University of Western Australia: Raising awareness of health needs of Aboriginal people with cancer

Aboriginal health professionals and educators from across the state gathered in Perth last week to increase their awareness and understanding of the specific needs of Aboriginal people with cancer.

The WA Centre for Rural Health (WACRH) of The University of Western Australia in conjunction with Cancer Council WA hosted a three-day professional development course at St Catherine’s College to train participants in the ‘Whisper No More’ learning package.

WACRH Director Professor Sandra Thompson said part of the innovative program features Aboriginal cancer patients from WA’s Midwest sharing their personal stories on video.

“Understanding more about Aboriginal people’s views of cancer and experiences of health care is essential to developing better cancer care and health outcomes,” Professor Thompson said.

“By sharing their stories on video, those involved in Whisper No More have contributed to a valuable resource for health professionals to help enhance their understanding of what matters to Aboriginal people when they have cancer.”

With Aboriginal people frequently called upon by family, patients and professional colleagues for a variety of roles in education, the workshop was designed to develop participants’ skills as educators and build networks between Aboriginal health professionals and cancer support staff.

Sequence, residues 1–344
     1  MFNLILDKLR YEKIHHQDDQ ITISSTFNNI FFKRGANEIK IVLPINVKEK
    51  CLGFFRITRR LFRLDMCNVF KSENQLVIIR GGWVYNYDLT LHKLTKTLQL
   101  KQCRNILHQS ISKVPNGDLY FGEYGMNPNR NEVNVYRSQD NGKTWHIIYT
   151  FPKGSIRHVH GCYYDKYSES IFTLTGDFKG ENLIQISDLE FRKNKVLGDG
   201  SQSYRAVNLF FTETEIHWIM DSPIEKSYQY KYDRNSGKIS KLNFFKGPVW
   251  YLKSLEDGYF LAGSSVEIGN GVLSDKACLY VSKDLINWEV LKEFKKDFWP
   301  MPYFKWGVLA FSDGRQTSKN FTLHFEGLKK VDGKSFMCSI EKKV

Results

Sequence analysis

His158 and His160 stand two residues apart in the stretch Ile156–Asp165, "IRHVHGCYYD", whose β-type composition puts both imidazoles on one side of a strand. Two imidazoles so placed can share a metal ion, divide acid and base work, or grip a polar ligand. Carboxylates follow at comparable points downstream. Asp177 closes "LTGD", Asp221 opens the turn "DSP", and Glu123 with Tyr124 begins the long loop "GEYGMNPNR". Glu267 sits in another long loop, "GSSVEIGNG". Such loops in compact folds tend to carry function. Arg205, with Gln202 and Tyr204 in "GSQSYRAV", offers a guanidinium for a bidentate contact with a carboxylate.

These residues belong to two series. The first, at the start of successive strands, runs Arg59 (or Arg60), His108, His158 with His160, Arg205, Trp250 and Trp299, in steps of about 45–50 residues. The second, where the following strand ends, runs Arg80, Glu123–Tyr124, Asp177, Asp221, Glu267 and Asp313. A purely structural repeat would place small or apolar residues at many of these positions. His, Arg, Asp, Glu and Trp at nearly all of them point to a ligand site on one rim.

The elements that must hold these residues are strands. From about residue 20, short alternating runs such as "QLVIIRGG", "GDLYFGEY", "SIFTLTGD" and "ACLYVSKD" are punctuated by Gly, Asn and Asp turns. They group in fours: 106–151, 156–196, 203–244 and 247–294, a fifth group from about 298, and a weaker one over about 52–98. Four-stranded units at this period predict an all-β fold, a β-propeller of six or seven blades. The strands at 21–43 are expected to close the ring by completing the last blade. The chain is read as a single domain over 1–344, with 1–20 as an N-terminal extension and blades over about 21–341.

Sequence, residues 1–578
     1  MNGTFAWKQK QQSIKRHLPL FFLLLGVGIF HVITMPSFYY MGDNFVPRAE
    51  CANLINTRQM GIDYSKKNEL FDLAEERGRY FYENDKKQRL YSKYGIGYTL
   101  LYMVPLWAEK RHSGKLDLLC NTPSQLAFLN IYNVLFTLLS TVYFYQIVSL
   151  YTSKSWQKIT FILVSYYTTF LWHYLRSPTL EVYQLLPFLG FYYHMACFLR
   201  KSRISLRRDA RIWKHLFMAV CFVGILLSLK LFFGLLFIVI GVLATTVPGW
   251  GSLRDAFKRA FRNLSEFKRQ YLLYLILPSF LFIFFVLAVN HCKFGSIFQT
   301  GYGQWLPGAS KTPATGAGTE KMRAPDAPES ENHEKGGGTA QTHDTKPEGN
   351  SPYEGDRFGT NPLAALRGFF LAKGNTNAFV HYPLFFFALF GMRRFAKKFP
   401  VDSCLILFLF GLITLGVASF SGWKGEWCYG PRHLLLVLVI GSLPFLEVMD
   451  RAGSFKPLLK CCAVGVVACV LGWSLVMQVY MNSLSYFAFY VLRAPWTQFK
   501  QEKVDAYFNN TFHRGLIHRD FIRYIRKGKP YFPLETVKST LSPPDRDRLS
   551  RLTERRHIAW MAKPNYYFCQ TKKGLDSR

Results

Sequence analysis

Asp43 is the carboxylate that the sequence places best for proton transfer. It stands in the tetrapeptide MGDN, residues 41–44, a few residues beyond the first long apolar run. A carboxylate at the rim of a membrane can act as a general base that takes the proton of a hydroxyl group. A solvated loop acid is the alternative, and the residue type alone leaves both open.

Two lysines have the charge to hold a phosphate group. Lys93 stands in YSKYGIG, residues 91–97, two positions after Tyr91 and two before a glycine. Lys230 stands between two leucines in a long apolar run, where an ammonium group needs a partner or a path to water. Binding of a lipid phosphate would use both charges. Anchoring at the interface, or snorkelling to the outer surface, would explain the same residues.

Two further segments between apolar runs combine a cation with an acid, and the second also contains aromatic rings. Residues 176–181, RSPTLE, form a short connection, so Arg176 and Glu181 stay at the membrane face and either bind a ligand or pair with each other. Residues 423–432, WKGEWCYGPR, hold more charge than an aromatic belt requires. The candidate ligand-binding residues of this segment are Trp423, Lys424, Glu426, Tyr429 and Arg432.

Topics covered in the video interviews include the importance of family for support when accessing cancer treatments; experiences related to cancer screening, care seeking and delays in diagnosis; their response to diagnosis and treatment; the measures they took to stay well and their wishes for end-of-life care.

An outcome of the training has seen an Aboriginal Cancer Educators Support Network established to help participants’ build their skills and knowledge and to support each other’s efforts to change those aspects of the care system that are not optimal for Aboriginal people with cancer.

The resource was developed by the WA Centre for Rural Health in Geraldton. The UWA Poche Centre for Indigenous Health Healthy Minds, Healthy Lives enabled WACRH to fund the training, travel, and accommodation costs of more than 15 Aboriginal health workers and educators from across the state to attend the training.

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